The most possible explanation proposed for the role of metformin in lowering vitamin B12 levels is that it hinders the smooth functioning of the calcium-regulated membrane that helps in the absorption of the vitamin B12-intrinsic factor complex in the ileum [15]. This led to investigating whether the administration of multivitamin supplementation could help avoid this deficiency since minute quantities of vitamin B12 are present in supplements (2 to 30 ug/d). This was assessed in a retrospective study; it concluded that intake of vitamin supplements in patients taking metformin was seen to report fewer events of vitamin B12 deficiency (adjusted OR=0.14; 95% CI=0.04, 0.54) compared to the group that did not take multivitamins [16].

Our study bears a few limitations. We only assessed total vitamin B12 levels; however, holotranscobalamin II or methylmalonic acid could have been monitored since they accurately express vitamin B12 levels. Moreover, we did note the diet of the participants. Consequently, we could not rule out the possibility of other factors in significantly lowering vitamin B12. This points towards the fact that future studies should be conducted with a larger sample size to confirm the findings of our study.

Conclusions

Considering the rising prevalence of type 2 DM and the favorable safety and efficacy profile of metformin, its use as an insulin-sensitizing agent is widespread. Our study found a significant correlation between vitamin B12 deficiency in metformin-treated patients. Therefore, it is prudent to recognize B12 deficiency as a potential side effect of long-term use of metformin. A periodic screening of B12 in such patients and subsequent supplementation of vitamin B12 is an effective and safe means of prevention of development or worsening of peripheral nerve damage and other clinical manifestations.


References

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Original article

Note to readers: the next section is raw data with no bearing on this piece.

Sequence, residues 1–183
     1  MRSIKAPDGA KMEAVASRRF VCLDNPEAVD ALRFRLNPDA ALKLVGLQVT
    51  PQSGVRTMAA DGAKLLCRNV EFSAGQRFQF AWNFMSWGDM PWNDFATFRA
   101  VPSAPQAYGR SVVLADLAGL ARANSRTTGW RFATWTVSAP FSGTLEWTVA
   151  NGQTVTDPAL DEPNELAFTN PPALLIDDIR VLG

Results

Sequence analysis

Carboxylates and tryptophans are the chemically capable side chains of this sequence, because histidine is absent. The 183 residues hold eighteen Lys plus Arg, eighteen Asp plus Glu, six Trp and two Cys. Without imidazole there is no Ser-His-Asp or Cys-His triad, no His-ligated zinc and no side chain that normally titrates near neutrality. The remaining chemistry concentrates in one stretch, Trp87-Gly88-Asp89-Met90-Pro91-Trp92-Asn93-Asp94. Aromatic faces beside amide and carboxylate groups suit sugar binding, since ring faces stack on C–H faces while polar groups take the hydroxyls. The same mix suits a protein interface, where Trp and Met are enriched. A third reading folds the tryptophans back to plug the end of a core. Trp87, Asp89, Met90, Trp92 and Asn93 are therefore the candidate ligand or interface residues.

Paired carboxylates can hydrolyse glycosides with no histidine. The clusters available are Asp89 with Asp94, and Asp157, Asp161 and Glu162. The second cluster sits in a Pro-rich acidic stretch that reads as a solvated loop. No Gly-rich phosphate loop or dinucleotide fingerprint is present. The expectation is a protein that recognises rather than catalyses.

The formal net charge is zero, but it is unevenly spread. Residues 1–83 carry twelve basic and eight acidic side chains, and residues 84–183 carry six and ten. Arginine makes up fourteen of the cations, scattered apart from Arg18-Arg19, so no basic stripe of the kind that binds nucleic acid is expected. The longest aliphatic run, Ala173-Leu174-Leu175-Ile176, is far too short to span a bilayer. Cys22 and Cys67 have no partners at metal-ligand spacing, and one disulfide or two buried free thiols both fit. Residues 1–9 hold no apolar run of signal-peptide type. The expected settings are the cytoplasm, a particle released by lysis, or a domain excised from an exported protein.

peer-reviewed

Frequency of Vitamin B12 Deficiency in Type 2 Diabetic Patients Taking Metformin


Author Information

Fraz Ahmed Baig

Internal Medicine, Nottingham University Hospitals, Nottingham, GBR

Saad Khan

Internal Medicine, James Cook University Hospital, South Tees Hospitals NHS Foundation Trust, Middlesbrough, GBR

Amber Rizwan Corresponding Author

Family Medicine, Jinnah Post Graduate Medical Center, Karachi, PAK


Ethics Statement and Conflict of Interest Disclosures

Human subjects: Consent was obtained or waived by all participants in this study. Jinnah Sindh Medical University issued approval JSMU/IRB/2021-28C. Animal subjects: All authors have confirmed that this study did not involve animal subjects or tissue. Conflicts of interest: In compliance with the ICMJE uniform disclosure form, all authors declare the following: Payment/services info: All authors have declared that no financial support was received from any organization for the submitted work. Financial relationships: All authors have declared that they have no financial relationships at present or within the previous three years with any organizations that might have an interest in the submitted work. Other relationships: All authors have declared that there are no other relationships or activities that could appear to have influenced the submitted work.



Original article
peer-reviewed

Frequency of Vitamin B12 Deficiency in Type 2 Diabetic Patients Taking Metformin